These are extremely rare operationally, but some women are simply born with tubal irregularities that have nothing to do with disease, surgery or reproductive malfunction.

Preventing Female Sterility

Sadly, most causes of infertility cannot be alleviated through preventative measures. On the other hand, this in no way means that couples should not take care when trying to conceive. There are certain lifestyle precautions that must be met. This includes physical and emotional health precautions, since conception involves optimum factors of both sides of a couple’s life.

Some basic lifestyle precautions are:

  • avoid excessive exercise as it can lead to menstrual disorders
  • do not take any recreational drugs whatsoever
  • quit smoking
  • minimize caffeine consumption
  • use stress-relief methods that do not rely on alcohol
  • abstain from sexual intercourse outside of marriage
  • maintain a constant body weight
  • avoid exposure to environmental hazards, such as pesticides, heavy metals and electrical, electromagnetic, and nuclear radiation
  • keep a monthly chart of menstrual cycles, as this is the best indicator of the woman’s health

Researching fertility history on both sides of the couple’s family is an excellent way to prepare for any surprises. For women, the mother’s genetics can play a huge role in determining any congenital defects. For men, their father’s virility can play an equally large role, as well. Look into any medications either partner is taking for implications or consequences for fertility, as certain drugs can alter the body’s normal functionality in terms of reproductive health and other bodily systems.
Female Sterility Symptoms

Test Considerations

Both the man and the woman should be tested for infertility upon failure to conceive, aside from taking all the preparatory measures they can.

Treatment Options

There are three types of treatments for female infertility: herbal remedies, drugs and surgical procedures. Here is an examination of each one in turn.

Herbal remedies

  • Banyan roots, jambul or jamun leaves and the herb known as winter cherry are the best at handling female sterility. Banyan roots are tender and should be dried in shade before being crushed and powdered. Banyan roots are best administered in the form of twenty grams mixed with approximately one hundred grams of milk. Take them at night for three consecutive nights after the end of the woman’s monthly cycle. No other food should be eaten for a short while thereafter. Continue administering the roots every month after the completion of her cycle until conception takes place.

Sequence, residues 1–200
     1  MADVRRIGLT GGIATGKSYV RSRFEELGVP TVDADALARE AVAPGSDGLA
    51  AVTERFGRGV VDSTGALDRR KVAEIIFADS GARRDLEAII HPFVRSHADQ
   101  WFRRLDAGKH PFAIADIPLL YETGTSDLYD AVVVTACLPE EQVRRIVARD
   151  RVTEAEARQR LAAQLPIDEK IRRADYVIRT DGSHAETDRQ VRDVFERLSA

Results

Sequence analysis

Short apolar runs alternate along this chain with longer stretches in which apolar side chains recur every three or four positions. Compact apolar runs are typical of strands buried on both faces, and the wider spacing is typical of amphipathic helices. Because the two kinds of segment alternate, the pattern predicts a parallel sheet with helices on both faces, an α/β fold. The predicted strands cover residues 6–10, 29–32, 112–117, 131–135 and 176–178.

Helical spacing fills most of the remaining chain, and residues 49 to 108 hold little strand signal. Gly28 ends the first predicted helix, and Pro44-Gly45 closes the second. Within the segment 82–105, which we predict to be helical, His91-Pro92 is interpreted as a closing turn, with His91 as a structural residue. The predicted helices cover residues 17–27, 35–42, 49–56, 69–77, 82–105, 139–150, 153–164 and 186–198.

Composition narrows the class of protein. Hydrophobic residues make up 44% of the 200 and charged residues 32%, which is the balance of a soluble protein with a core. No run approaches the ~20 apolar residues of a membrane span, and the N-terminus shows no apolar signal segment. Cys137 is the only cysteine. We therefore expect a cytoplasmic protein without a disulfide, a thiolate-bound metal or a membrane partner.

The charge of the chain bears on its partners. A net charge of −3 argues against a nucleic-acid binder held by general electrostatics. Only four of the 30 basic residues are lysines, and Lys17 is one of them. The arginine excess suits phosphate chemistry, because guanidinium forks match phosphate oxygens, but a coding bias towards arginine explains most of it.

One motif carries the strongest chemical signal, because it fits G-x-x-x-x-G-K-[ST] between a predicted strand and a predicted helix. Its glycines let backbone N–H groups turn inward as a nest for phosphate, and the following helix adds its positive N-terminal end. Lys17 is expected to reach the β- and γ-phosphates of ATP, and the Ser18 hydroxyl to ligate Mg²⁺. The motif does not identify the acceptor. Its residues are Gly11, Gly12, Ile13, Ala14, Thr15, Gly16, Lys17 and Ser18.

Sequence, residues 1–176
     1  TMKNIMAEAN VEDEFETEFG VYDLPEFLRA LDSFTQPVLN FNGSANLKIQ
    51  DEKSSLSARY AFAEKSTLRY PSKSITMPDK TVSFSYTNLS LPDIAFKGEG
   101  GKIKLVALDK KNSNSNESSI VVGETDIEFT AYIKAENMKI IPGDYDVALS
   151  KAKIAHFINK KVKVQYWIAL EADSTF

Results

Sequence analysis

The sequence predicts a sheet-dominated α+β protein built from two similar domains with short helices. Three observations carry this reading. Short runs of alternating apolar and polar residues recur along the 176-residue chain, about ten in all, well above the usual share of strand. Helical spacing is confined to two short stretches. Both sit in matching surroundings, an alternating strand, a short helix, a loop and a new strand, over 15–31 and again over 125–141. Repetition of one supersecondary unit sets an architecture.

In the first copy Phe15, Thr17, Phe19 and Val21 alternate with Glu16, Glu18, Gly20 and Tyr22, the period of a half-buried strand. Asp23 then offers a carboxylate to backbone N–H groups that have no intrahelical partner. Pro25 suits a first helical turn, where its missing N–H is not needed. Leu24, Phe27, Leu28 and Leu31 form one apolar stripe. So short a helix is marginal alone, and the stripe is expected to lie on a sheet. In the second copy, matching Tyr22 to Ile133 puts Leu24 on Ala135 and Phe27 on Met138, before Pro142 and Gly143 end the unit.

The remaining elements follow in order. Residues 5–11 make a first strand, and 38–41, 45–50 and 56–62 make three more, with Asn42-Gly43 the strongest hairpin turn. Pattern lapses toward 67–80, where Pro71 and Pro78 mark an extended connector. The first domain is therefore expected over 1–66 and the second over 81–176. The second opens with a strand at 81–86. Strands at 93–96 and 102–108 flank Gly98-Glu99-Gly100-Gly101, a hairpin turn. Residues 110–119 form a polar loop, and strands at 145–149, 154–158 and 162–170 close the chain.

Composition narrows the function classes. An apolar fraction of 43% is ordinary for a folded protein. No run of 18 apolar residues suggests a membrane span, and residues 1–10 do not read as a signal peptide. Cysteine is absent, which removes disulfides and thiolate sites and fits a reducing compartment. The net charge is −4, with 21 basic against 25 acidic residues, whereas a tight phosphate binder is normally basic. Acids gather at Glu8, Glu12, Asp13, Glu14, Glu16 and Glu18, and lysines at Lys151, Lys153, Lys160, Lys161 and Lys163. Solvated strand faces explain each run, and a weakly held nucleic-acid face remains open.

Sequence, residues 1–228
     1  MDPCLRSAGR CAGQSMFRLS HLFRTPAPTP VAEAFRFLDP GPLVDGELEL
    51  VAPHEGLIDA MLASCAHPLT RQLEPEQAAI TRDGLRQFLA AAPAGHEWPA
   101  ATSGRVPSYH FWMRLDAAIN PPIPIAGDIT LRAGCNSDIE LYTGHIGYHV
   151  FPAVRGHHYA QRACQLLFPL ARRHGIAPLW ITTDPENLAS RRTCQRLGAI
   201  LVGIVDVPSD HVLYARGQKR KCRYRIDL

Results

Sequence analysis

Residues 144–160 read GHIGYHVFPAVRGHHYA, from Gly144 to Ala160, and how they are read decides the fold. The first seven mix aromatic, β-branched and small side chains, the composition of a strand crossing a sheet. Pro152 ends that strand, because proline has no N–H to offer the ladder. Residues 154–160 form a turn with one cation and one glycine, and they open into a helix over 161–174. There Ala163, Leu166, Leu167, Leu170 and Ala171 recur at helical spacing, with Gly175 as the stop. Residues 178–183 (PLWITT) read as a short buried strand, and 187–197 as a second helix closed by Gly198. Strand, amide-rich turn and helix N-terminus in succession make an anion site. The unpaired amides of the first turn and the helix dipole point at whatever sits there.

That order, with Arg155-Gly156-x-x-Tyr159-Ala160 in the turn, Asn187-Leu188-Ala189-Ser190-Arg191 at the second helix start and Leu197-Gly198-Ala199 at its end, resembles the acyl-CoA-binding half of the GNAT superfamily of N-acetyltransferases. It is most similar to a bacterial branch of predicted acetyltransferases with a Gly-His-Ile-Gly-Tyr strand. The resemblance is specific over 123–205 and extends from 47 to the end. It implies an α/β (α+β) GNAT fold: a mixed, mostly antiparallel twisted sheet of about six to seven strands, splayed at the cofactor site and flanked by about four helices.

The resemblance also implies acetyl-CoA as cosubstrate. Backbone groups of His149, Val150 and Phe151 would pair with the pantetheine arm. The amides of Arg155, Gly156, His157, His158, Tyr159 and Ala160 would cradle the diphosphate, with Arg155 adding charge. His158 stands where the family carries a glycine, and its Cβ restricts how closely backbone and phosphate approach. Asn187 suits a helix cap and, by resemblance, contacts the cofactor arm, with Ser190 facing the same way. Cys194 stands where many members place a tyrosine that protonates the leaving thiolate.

• To prepare a remedy using jambul or jamun leaves, pour two hundred and fifty mililiters of boiling water over twenty grams of leaves. Let it steep for two hours, and then take them either with two teaspoons of honey or two hundred mililiters of buttermilk.
  • Finally, winter cherry is prepared by powdering it and mixing it in the amount of six grams with one cup of milk. The woman should drink this mixture for five or six nights after menstruating.
  • Keep in mind that herbal remedies can have serious side effects, such as heart attacks, strokes and seizures. This danger is especially so when mixing herbal remedies with drugs, since the herbs amplify the effect of the drugs. The cost of herbs is pretty negligible; most of them can be purchased cheaply for five to twenty dollars per container.

Drugs

  • As noted above, ovulatory disorders are responsible for about thirty percent of fertility issues. There are two drugs that are used to treat problems of this type: human menopausal gonadotropins such as Pergonal and Fertinex, and clomiphene citrates like Clomid and Serophene. Both of these can be supplemented with other drugs, and there is an increasing variety of drugs that are used with them.
  • A typical cycle of clomiphene citrate will cost around fifty to one hundred dollars. Side effects can include hot flashes, mood swings, headaches, nausea and vomiting and even ovarian swelling and cysts. A cycle of hMG will cost eight hundred to one thousand dollars and must be administered by injection. Side effects include fatigue, mood swings, headaches, bloating and weight gain, and most seriously swelling at the site of injection. There is a significant risk that the ovaries will become overstimulated using hMG, and other drugs will probably have to be prescribed in order to keep this from happening.

Surgery

  • Surgery is usually called for with problems relating to the cervix, such as structural problems. Abnormalities within the reproductive system, for example in the fallopian tubes, can usually be corrected with surgery. Almost all physical problems can be treated with assisted reproductive technology, which involves such techniques as artificial insemination, a relatively well-known procedure. Surgery can lead to serious problems if not performed with the utmost care, so make sure you locate a specialist that you trust.

Conclusion

Female sterility or infertility can usually be treated. Even if all of the above solutions fail, adoption or surrogacy are always viable options for couples who want children.